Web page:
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Interview

Lee Mingwei, Taiwanese artist breaks through barriers with his conceptual art projects.

Taiwanese artist Lee Mingwei breaks through people's barriers with his conceptual art projects, and quickly gets people's trust, intimacy and honesty. Born in 1964 in Taiwan he has a Catholic and Buddhist background. He attended a Benedictine high school in California, has an MFA in Sculpture from Yale, 1997, and now lives in New York. He started doing conceptual art for major museums around the world in 1995 and he spoke about his art, and the people he met through it, at the Asia-Pacific Trienniale in Brisbane, on October 30.

Lee Mingwei talked about a woman he met while working on his “One Hundred Days with Lily” project. He planted a lily seed in a flower pot, and carried it around with him for 100 days as the lily bloomed, withered and died. Lee took a photo each day of an arbitrarilly chosen moment, eg. “Meditating with Lily”. He had started the project after his grandmother died. “After my grandmother died I wanted to say a lot of things to her but it was too late,” he said.

Lee said he lived near a Hispanic community in San Francisco and they would talk to him on the bus about the lily he carried around everywhere, then they’d confide their personal stories to him as though he were some kind of priest. One woman kept talking to him about the flower, but as it started to wither and die she spoke to him less, until she no longer spoke to him.
She told him later that her son had died three years previously and the life cycle of the flower reminded her of him. “I realised people project their own personal history onto this,” he said. “I realised the project was not just for myself. There was a bigger meaning.”

Other projects involved contact with large numbers of people.
In the Money for Art project (1997, Wellesley College’s Davis Museum and Cultural Centre, Boston), he folded one dollar notes into origami style sculptures and invited people to exchange them for something of equal value, then displayed the objects. Items included pieces of jade, a piece of chewed gum (one of his least favourite exchanges), but he liked how one woman just wrote the word thief.

The Dining Project (1997, Whitney Museum of American Art, New York), involved selecting 60 people by lottery to come along to the museum where he would cook Asian style food and dine with them one at a time.
He told of how one was a Pakistani taxi driver who had been an art professor in Pakistan whose qualifications didn’t transfer to the United States so he had to drive taxis for a living. He’d come into the Whitney on his day off and filled out the ticket for the lottery, and was one of the 60 selected for the project. Another was a 12 year old girl whose mother dropped her off for the meal.
The girl told him about her boyfriend, then her mother picked her up and asked her if she thought it was art. The girl said she didn’t know but she liked the food. “It’s more about a feeling than an understanding,” Lee said.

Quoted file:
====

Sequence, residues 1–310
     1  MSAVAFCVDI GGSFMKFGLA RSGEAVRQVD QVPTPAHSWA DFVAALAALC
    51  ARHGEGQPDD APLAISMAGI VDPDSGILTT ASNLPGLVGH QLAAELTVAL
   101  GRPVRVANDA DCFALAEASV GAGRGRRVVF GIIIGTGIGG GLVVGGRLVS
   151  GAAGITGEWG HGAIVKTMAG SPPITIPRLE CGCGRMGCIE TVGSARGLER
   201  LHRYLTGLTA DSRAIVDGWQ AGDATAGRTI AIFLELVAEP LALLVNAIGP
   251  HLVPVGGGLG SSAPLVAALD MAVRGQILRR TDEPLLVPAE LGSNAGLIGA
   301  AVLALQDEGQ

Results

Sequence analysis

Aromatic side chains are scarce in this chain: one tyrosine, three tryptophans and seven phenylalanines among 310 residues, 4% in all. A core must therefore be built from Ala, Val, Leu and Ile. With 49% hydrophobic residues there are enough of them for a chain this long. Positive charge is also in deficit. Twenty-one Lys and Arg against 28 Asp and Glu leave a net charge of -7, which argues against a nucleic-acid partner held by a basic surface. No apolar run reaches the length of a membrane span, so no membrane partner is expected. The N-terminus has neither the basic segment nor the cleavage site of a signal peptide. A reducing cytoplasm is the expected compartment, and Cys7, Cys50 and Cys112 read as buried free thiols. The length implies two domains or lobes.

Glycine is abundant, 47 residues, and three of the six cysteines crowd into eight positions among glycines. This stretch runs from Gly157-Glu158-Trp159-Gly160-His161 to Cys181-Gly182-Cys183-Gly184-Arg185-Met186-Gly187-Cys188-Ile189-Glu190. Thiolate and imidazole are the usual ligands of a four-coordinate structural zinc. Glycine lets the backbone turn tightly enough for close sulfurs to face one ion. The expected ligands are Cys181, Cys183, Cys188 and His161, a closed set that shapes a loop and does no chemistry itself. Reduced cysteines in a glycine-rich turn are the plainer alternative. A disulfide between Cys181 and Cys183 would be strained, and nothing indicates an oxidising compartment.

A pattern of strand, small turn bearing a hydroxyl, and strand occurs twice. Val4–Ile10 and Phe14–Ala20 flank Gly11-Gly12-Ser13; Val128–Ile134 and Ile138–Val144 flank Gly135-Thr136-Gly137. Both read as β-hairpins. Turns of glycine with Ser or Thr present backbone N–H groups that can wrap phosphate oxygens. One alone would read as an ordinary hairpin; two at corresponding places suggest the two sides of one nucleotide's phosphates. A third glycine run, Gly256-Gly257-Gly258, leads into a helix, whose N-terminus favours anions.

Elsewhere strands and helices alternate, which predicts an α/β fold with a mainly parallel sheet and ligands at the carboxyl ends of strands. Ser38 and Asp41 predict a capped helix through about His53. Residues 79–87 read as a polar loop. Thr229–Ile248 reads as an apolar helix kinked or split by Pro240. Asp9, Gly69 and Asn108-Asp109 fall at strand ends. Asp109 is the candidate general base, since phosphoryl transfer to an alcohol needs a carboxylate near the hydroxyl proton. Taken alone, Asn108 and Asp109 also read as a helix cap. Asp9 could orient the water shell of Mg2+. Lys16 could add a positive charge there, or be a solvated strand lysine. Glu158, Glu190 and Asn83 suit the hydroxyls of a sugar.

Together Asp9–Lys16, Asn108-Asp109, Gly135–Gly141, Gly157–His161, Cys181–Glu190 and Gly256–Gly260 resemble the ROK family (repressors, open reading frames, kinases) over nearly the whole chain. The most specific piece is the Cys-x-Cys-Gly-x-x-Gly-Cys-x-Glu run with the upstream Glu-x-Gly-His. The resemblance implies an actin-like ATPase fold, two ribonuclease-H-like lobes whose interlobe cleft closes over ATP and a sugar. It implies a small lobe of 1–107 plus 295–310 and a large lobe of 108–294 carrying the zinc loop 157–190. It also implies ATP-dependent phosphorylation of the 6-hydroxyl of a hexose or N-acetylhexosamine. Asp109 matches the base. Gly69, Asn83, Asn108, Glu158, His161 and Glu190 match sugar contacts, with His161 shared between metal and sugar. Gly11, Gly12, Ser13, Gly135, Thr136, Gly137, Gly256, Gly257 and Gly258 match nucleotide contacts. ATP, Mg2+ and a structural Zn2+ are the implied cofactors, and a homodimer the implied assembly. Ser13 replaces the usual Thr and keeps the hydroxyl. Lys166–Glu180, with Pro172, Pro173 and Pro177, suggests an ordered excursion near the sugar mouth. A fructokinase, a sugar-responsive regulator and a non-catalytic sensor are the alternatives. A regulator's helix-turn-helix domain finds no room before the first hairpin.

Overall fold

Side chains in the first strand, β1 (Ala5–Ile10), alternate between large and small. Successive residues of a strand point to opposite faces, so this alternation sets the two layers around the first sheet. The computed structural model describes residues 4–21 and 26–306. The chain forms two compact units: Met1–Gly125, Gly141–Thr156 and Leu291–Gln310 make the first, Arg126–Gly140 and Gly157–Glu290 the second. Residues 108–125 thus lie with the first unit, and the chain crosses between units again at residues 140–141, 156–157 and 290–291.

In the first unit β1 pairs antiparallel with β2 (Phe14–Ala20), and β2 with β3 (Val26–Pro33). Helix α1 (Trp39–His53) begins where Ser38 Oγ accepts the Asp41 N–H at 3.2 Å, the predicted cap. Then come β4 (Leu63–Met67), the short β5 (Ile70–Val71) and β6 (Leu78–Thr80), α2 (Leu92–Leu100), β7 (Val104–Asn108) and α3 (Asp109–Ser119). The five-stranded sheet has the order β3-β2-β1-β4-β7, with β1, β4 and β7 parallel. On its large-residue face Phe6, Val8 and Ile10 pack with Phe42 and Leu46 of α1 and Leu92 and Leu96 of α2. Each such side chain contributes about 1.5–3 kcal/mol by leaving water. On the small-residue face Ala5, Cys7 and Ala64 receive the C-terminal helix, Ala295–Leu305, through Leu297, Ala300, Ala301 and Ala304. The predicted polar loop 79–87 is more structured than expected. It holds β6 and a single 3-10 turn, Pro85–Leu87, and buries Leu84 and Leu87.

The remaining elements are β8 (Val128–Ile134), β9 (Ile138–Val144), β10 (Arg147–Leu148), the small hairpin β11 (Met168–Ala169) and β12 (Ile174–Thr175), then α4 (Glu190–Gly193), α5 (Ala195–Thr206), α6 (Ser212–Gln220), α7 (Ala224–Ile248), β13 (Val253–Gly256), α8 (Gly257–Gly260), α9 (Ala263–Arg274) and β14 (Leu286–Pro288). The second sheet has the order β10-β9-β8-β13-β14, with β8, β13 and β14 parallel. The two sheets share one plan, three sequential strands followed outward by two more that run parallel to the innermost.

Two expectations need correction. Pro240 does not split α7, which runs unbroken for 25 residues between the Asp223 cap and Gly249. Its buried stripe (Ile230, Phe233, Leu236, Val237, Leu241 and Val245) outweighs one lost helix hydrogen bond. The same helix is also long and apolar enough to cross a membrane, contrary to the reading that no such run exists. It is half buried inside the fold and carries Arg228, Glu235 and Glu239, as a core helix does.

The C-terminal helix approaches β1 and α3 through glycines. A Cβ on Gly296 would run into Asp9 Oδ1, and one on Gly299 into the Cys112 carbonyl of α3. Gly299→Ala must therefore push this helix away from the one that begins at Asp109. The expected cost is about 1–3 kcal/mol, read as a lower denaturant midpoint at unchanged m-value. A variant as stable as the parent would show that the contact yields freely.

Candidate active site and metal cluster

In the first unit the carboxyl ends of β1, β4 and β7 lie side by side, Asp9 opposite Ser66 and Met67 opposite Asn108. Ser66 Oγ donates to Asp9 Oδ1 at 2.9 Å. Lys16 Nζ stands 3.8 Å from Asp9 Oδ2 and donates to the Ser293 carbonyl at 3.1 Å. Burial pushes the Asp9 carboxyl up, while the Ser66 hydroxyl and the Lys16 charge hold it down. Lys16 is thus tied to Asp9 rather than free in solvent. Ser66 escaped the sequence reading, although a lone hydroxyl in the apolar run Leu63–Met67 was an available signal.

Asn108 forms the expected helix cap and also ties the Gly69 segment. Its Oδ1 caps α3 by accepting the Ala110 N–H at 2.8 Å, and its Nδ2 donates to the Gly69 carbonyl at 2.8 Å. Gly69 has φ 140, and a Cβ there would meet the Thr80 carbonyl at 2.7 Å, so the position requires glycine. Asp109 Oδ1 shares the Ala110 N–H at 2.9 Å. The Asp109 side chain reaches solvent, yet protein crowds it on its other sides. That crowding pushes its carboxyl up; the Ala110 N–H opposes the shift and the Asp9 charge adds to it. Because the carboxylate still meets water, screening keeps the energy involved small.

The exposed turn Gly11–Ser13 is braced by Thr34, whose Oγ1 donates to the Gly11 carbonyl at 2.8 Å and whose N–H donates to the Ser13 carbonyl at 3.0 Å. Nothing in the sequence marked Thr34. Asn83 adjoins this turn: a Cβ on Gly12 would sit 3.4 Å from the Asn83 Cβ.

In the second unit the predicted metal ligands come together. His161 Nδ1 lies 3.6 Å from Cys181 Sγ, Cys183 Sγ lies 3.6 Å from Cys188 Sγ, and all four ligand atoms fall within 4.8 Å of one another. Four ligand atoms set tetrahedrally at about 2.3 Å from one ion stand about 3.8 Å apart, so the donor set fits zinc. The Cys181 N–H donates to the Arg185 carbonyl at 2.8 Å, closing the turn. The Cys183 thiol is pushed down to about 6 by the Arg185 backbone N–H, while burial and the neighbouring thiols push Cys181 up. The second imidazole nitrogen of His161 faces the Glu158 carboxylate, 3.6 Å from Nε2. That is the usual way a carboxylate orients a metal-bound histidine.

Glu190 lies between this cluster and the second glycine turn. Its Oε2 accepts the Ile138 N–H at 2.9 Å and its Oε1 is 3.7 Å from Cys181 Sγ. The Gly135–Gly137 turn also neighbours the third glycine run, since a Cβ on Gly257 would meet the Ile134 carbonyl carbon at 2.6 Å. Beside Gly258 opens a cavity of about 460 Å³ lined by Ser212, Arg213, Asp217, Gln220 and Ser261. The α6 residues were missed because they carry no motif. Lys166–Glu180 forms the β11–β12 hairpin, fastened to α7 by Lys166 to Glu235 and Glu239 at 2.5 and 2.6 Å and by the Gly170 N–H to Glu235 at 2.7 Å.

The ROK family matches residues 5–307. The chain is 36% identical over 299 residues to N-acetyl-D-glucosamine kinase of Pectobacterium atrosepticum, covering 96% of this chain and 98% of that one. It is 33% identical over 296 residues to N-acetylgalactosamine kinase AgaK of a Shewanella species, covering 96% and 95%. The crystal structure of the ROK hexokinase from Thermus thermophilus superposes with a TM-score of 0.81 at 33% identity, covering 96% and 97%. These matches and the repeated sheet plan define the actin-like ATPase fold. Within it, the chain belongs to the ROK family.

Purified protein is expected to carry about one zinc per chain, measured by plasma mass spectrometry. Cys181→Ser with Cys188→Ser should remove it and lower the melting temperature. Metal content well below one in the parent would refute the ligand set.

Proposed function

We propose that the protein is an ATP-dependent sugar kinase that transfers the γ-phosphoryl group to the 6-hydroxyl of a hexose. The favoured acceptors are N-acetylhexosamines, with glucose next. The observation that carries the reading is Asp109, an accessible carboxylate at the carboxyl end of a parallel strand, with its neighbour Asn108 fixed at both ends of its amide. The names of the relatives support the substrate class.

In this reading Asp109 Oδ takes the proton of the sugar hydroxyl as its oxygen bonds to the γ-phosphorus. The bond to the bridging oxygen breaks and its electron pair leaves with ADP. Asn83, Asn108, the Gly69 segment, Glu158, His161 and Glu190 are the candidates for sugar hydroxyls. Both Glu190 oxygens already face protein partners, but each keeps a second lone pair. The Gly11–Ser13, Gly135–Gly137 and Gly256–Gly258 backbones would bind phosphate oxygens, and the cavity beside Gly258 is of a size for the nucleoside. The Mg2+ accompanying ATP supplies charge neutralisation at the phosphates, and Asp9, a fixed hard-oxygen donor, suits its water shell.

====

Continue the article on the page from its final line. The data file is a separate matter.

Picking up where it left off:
The Letter Writing Project (1998, various locations including Boston and Brisbane) involved people going into booths and writing letters of gratitude, forgiveness and understanding. Some letters were written to the dead, which he burnt ritualistically so that the messages could be sent to the spirit world. Some were left open so people could read them. One letter was written by a man to a woman he didn’t know. He had raped her and he asked her for forgiveness.
The artist was on a train in the U.S. when an old lady noticed the brochure he was reading about the letter writing project.
Without knowing he was the artist she told him how in the early 40s in the south, she had married an African-American, and her father had never forgiven her all his life.
She had written a letter to her father telling him her husband had treated her like a queen, and asking him for his forgiveness and blessing.
Lee Mingwei said it was moments like that that kept him going as an artist.

Other projects included The Sleeping Project, 2000, Lombard-Fried Gallery, New York.

He placed an ad in The Village Voice for people to spend the night with him in separate beds in the gallery. There were 20 different people and he said it was like 20 different projects.
They were told to bring items about themselves for display, so you could get the character but not the identity of the people.
These included a dream diary and an escort’s night bag including condoms, lubricants, and dagger.

Then there was the Shrine Project where he asked people to bring sacred objects for display. His nephew handed him his Pokemon monster collection he said because they transported him into another realm.

Another was the Tourist Project, 2002, where people in Houston took him on tours of places that had a personal significance for them in Houston, for example one woman took him to a bijou that runs through Houston.
She’d spent childhood days there but now it was polluted and Lee said they found a body in it. At the end they all got together and showed slides and talked about the tours, and found that although many had lived in the city for 40 or 50 years there was still a lot they didn’t know about the city.
Lee Mingwei hopes to do the project in New York next year.

Ok, here’s what Lee Mingwei likes to read.
When living in New York Lee Mingwei reads The New Yorker religiously, and also The Economist, and Scientific American. But whenever he returns to Taiwan, he said, he really tried to find out about his own heritage, so he liked to read Chinese classics, like The Dream of the Red Chamber.
He was also reading a book which, loosely translated, has the title Tang Dynasty: Factual Evidence, which is about the ten most discussed historical events in the Tang Dynasty, but with varied perspectives on the events.

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